2001: An article published in Navy Medicine noted that chaff strands are too large to be inhaled into the lungs, and would probably just be swallowed or expelled. Workers in the fiberglass industry are not at increased risk of death from fiber inhalation. When aluminum is ingested, 99% of it is expelled. The authors admit, though, that “there is no definitive evidence from the epidemiological literature that chaff exposure is not harmful…” (6)
2005: A review of chaff studies conducted for the Goose Bay Office of the Department of National Defense by the University of Saskatchewan’s Department of Soil Science concluded that while some environmental effects are still unknown, “it is highly unlikely that chaff releases will have any impact on ecosystem functioning or human health because concentrations of suspended chaff are well below known toxic thresholds.“
As for the potential hazards of inhaling or ingesting chaff, the authors point out that the fibers are too large to pass naturally through the nose or mouth. (8) However, the Navy Medicine article noted that degraded fibers may be inhaled or ingested and that further study should be done. (6)
Some chemtrail and conspiracy researchers, like Rima Laibow tentatively link the bizarre condition known as Morgellons to military chaff, but as we’ll see in later posts, the fibrous materials that sprout from the skin of Morgellons sufferers bear little, if any, resemblance to military chaff.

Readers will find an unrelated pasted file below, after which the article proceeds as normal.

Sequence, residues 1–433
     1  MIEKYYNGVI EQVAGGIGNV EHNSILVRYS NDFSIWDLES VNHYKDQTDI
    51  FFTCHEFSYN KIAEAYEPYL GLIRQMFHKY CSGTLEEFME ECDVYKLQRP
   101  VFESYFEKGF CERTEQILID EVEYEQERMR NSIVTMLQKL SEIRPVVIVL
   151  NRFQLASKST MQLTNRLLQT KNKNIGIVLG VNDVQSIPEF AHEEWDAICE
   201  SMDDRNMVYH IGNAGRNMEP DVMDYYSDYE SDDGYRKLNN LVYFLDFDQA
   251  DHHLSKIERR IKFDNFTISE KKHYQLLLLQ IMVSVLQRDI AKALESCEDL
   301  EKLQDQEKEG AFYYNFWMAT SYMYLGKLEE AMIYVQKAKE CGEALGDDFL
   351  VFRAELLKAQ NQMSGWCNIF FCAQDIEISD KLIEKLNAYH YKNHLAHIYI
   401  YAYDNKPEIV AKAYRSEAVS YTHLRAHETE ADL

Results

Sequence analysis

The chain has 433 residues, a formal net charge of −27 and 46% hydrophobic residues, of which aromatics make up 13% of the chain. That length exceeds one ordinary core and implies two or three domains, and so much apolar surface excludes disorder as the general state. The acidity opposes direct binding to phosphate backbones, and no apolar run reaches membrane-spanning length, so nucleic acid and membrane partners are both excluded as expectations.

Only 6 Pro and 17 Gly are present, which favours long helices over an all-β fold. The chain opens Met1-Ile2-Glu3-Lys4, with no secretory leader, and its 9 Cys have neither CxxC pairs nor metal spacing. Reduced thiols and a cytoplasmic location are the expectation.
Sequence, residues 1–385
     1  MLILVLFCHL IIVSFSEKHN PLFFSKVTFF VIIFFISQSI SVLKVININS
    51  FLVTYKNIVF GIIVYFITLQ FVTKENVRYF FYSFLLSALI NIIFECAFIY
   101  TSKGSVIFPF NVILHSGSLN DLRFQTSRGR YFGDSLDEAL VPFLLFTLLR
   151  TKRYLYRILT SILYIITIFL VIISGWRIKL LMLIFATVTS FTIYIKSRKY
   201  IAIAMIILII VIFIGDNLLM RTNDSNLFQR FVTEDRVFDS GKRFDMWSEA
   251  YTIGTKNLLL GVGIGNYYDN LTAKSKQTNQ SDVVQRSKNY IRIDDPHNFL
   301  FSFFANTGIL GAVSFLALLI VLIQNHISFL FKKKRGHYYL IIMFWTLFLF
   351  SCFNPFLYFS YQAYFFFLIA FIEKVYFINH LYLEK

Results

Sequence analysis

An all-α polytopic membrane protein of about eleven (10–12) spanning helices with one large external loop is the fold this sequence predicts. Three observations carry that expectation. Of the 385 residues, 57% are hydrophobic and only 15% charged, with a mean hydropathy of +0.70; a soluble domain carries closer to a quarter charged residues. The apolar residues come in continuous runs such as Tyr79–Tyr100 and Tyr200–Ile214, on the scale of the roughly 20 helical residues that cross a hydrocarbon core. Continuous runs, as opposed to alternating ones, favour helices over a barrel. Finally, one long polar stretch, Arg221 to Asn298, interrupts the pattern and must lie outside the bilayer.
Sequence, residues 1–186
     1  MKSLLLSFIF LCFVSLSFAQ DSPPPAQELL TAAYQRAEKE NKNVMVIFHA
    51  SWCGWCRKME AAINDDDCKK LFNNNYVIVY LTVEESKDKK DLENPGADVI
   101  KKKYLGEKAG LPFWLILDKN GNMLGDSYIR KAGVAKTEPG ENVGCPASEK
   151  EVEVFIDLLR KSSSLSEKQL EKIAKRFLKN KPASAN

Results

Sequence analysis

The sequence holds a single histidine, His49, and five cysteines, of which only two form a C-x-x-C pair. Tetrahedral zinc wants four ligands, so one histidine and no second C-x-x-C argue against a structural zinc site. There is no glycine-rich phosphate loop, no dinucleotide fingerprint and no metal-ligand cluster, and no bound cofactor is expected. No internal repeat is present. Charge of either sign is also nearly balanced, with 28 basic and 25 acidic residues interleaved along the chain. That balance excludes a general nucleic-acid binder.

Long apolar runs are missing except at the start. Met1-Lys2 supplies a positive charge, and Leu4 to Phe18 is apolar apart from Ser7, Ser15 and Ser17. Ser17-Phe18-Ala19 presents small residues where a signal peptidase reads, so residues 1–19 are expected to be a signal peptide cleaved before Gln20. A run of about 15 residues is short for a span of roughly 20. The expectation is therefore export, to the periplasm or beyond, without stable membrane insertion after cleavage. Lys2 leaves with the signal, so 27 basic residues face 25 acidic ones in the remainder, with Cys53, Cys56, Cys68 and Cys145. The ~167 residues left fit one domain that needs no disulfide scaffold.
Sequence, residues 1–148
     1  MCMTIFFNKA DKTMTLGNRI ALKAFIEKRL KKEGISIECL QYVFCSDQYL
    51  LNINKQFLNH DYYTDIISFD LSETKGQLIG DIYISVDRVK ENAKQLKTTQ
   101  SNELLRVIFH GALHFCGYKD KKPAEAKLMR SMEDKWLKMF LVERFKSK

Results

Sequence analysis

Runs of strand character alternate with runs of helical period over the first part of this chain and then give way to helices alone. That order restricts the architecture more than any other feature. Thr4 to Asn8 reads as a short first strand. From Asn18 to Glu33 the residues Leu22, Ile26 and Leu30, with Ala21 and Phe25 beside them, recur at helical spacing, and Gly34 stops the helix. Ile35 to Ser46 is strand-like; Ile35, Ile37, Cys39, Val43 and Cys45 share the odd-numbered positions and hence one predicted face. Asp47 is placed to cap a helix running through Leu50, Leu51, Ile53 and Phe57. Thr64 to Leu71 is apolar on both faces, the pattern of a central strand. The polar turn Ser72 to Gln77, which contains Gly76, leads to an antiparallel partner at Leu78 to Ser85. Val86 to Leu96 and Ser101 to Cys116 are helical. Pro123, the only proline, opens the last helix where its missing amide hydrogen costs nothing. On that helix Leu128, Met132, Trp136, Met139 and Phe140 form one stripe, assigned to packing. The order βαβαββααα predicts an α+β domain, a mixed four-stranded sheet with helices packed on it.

Does the aluminum show up in ground and water testing? Could chaff account for elevated aluminum levels reportedly found in environmental samples?
But here’s the thing: If you ate an entire 3-oz. bundle of chaff – not that I would recommend it – you’d be consuming roughly 3000 mg. of aluminum. Consider how much aluminum an avid tea-drinker might consume in a month – up to 5000 mg/kg of aluminum have been found in tea leaves (Xie et al., 2001, PDF), so a person drinking 10 cups a day for one month could ingest about 60 mg. of aluminum from tea alone.
Not that it really matters. Aluminum is the third most abundant element in our environment, after silicon and oxygen, so it turns up naturally in water, soil and food (and unnaturally thanks to industry, processing, packaging, etc.). The good news is that when aluminum is ingested, less than 1% is absorbed by our gastrointestinal tracts, and the other 99% is harmlessly expelled. (Jouhanneau et al. 1997)
|The aluminum won’t hurt you, but looking at this teapot might.|
The isolated test results that indicate extremely high levels of aluminum and other metals in water and soil, like the ones depicted in What in the World Are They Spraying?, are usually flawed or misinterpreted, as we will see in later posts. In the U.S. and Canada, routine soil and water tests conducted by both government and independent environmental agencies have not been finding unusual amounts of aluminum.
The trace metals in chaff are present in such miniscule amounts as to be insignificant. The 2005 review of chaff studies states that “the amount of chaff needed to raise environmental concentrations of these metals above background levels far exceeds the number than can be realistically deposited in a given area of land or body of water.” (8)
The 2000 Navy study at Chesapeake Beach did not find elevated amounts of aluminum in the soil, despite heavy use of chaff in the area over a 25-year period (Wilson et al., 2000). Currently, area residents are far more concerned about phosphorous contamination from fertilizers than they are about chaff.